Compare Social Trading Brokers

LeverageIn recent years, social trading has become hugely popular as more and more people seek new opportunities to grow their investment portfolio.

We are constantly asked “who is the best broker to trade with?” and our typical response is ‘well that depends on what you are hoping to achieve‘. As investors, we are all different and have differing strategies on how best to manage our own money.

For those new to the concept, social trading allows investors to observe what other, more experienced traders are doing. You can sign up for an account and see what professional traders are trading on and make exactly the same trades as they are.

Read on to see if social trading might work for you.

The Best 3 Social Trading Brokers:

Broker     Official Site   Max. Leverage Regulations Min. Deposit    Spreads From Review
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500:1 $100 From 0 pips
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500:1     $200 From 0.1 pips
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400:1 $100 From 0.9 pips
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What is Social Trading?

Social trading is a form of investment, where a trader can observe the strategies, techniques and trades of an expert trader. It is said that this form of trading “democratises” online investing by making trade information more accessible to those with less trading experience.

Social trading is ideal for those who are interested in the financial markets, but do not have the time to research, or lack the experience to make their own trading decisions.

This form of trading continues to grow in popularity and works on the same basis as social media, in that you can request to follow another trader and view their trading activity. You can then copy their trades or follow their trading strategy.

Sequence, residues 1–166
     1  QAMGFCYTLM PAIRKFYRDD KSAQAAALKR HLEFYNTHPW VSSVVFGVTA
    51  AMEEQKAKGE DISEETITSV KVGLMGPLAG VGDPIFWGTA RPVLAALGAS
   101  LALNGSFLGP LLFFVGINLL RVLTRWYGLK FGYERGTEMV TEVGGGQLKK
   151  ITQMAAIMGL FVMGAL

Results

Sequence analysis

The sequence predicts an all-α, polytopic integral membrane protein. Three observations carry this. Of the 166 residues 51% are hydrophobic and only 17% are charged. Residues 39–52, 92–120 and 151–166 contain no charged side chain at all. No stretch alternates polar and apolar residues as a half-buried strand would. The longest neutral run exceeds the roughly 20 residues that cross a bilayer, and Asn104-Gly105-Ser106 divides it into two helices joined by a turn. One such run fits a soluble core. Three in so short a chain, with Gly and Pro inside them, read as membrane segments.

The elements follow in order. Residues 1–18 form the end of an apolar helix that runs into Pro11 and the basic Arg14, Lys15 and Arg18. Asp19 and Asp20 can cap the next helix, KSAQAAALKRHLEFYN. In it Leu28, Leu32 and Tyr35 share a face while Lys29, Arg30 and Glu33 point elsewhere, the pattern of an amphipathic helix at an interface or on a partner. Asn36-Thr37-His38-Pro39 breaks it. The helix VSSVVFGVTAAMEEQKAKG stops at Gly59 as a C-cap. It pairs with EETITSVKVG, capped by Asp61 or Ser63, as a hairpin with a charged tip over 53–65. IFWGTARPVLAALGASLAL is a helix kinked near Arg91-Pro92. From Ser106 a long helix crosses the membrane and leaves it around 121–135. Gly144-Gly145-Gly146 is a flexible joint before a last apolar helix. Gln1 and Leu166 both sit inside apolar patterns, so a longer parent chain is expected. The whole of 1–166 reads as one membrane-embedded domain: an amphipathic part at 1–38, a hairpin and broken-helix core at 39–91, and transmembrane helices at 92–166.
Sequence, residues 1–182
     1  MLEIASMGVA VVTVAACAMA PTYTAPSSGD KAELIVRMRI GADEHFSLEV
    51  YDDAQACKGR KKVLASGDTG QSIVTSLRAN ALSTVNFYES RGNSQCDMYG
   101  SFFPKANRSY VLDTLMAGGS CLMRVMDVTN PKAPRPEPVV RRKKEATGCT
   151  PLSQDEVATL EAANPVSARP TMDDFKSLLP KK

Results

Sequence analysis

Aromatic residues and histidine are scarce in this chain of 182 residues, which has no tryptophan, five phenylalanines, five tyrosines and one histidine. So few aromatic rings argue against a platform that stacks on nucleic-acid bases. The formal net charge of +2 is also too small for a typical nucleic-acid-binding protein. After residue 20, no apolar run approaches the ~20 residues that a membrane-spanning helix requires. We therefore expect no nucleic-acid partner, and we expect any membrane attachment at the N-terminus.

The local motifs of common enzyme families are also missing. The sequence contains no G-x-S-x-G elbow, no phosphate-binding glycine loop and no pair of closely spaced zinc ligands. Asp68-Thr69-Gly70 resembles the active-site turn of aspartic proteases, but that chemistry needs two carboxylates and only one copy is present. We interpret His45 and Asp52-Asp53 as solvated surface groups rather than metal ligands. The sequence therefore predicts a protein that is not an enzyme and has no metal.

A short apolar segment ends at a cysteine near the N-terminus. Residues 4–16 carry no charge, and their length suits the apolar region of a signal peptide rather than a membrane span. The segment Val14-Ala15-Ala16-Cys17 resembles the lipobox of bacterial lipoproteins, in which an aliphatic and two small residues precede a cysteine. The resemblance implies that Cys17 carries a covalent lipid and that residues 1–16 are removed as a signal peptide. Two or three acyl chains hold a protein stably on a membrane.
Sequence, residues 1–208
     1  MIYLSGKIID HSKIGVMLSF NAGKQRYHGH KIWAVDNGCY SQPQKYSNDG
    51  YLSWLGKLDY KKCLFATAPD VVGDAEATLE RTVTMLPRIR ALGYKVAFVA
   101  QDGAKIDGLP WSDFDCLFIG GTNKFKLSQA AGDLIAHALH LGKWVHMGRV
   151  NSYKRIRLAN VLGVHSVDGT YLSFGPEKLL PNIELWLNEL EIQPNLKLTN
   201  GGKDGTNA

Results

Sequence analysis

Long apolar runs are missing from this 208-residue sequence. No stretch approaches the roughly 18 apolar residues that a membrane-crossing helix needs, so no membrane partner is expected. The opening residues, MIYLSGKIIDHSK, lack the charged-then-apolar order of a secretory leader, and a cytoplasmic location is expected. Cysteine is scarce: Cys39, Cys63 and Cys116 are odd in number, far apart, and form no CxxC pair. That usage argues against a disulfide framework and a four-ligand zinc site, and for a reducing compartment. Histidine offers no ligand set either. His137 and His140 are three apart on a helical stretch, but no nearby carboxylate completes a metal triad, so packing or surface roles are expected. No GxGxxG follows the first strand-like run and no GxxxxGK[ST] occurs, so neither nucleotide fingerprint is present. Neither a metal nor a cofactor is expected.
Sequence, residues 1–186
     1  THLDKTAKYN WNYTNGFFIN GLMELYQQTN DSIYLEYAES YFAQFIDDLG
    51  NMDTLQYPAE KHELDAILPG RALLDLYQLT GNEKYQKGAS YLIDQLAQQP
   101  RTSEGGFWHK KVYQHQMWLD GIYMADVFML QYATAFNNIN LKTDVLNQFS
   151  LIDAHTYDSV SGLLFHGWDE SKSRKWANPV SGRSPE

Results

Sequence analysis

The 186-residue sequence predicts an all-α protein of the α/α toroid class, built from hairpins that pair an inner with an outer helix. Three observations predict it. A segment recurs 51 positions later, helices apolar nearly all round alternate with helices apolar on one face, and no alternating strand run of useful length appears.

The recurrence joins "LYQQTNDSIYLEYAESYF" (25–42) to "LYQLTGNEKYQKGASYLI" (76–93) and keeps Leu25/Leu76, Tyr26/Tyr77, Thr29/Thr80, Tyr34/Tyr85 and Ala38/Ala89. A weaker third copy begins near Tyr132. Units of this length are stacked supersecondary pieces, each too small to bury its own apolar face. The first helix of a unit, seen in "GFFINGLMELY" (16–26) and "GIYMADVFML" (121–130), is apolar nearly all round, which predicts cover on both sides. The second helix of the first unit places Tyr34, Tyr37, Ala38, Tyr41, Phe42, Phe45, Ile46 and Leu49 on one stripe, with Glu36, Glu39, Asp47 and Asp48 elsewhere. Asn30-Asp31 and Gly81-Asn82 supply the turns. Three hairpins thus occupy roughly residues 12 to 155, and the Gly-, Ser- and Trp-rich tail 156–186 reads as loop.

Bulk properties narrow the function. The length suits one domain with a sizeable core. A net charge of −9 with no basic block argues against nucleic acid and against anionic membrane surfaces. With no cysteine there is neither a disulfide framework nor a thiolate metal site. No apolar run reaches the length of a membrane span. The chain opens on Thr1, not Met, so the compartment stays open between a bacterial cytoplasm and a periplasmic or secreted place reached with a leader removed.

How Does It Work?

GraphicsNew and improving technology has made it easier than ever to become a social trader. Social trading works by creating quick & easy access to global financial markets for newbie traders who can learn from more experienced traders, share trading strategies and/ or copy their trades.

Similar to social media platforms like Facebook, social trading works off the same basis. You can sign up for a trading account, subscribe to another trader’s channel, follow what they are doing and then copy their trades which are broadcast on their live feed.

For instance, say you are following Bob, an experienced FX trader. Bob makes an AUD/ USD trade that you think looks good. You could replicate this trade on your own account so when Bob opens his trade, you can execute the same trade on the platform you are using.

Often, experienced traders who are followed, are rewarded both financially and in status, with most social trading platforms having leaderboards based on success rate and popularity.

The Benefits of Social Trading

Very little trading knowledge or effort is required

Social trading is massively time efficient as you do not need to do much (or any) homework on the markets before making a trade. All you need to do is find & copy some of the best traders on your social trading platform and you could create a nice profit stream. Of course, there are risks involved – trading is not easy and even the very best get it wrong more than right, so tread carefully!

If you are new to online trading, social trading is a great way to get started. Connect, watch and follow the very best traders – ask questions, read their live feeds and learn from the best.

Trading results are usually verified by the broker

Almost all social trading brokers will publish their followed trader’s trade results to ensure you are not following someone who is trading on a demo account, or not publishing their losing trades. A clear track record is the only way for social traders to remain legitimate and fair to those following.

More trading ideas

With social trading, you will never lack trading ideas or miss opportunities as you will be constantly exposed to other’s trading strategies and info. This is not only great for those who are new to the financial markets. It is also helpful for those who are experienced but lacking in ideas – see opportunities that you might not have seen before! Social trading opens up so many trading opportunities and potential.